Do Not Transplant A Madrone

A little over a month ago, when I was visiting my dad, we switched a small nandina in the back yard with a bigger hydrangea in the front yard. The nandina was small and wasn’t growing very well in the backyard location, and the hydrangea was getting too big for its location in the front yard.

Small nandina
A big(ger) hydrangea

But, in the process of switching those two plants, we noticed a volunteer madrone that had sprung up nearby. It was sandwiched between the newly transplanted hydrangea and an already established andromeda, and it was clearly not going to be able to stay there for very long. So, we decided to move it. (I forgot to take a picture of it before moving it, so this is my “photoshopped” version of the volunteer madrone tree near the hydrangea and andromeda.)

Hydrangea in the front right corner, Andromeda in the back left side of photo, madrone in the middle

We transplanted the madrone to an open spot at the edge of the property in what will hopefully someday be a privacy hedge of trees and shrubs between us and the neighboring school. We dug a nice big hole and filled that hole with plenty of fresh compost to ensure that the madrone would be happy in its new location!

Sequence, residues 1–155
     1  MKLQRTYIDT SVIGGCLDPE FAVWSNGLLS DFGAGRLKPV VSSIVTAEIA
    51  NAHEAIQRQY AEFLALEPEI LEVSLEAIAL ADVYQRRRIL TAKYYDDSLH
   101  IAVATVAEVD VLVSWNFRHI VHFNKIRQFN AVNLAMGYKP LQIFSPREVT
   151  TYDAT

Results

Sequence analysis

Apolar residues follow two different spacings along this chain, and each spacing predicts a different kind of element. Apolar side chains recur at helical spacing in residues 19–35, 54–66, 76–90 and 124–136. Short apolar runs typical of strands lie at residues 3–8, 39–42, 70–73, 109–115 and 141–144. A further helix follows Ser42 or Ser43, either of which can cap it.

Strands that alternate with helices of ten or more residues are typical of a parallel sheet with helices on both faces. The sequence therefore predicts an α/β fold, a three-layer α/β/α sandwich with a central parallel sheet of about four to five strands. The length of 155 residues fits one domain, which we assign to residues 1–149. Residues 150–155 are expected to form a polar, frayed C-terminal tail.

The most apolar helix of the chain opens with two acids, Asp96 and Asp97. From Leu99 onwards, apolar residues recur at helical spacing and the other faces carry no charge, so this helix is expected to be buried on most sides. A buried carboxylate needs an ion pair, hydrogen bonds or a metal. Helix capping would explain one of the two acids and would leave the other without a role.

Here’s the madrone in its new home!

Unbeknowst to us madrones don’t like to be transplanted, and furthermore, they especially don’t like nice new compost-enriched soil.

According to Linda McMahan, native plant expert and horticulturist with the Yamhill County office of the Oregon State University Extension Service, madrones don’t take well to tending by overly conscientious gardeners. They’re more likely to show up in rocky arid areas where other trees don’t survive, along an inhospitable roadside bank or in the middle of a dense Douglas fir stand than in a well-watered garden. …Madrones are notoriously difficult to transplant. Some authorities recommend buying seedlings that have been marked with north or south on the seedling tube so that you can plant the tree with the same orientation it’s been used to… If you can plant your madrone seedling in soil dug up from under a mature madrone tree, where myccorhizal relationships are already established, you might be able to give yours a head start.

Oregon State Extension

Oops.

One month later, here are some photos my dad sent me:

It’s lookin’ a little dead. I guess the Madrone prefers a more daring lifestyle

Image result for madrone tree
Image from bluebrightly.com

3 thoughts on “Do Not Transplant A Madrone”

  1. Thank you for the mention. This was an enjoyable post to read, particularly because I’ve always been struck by the inhospitable surroundings that I find Madrone growing in. They’re fantastic trees – I don’t blame you for wanting to baby that one and give it a nice place to grow. I wasn’t surprised about the mycorrhizal preferences because I’ve read about that, but the north/south orientation – wow! I’m sorry you’re losing the tree, but you’ve learned something so it’s not a total loss. Nature just never ceases to amaze, does it? Happy gardening!

Leave a Reply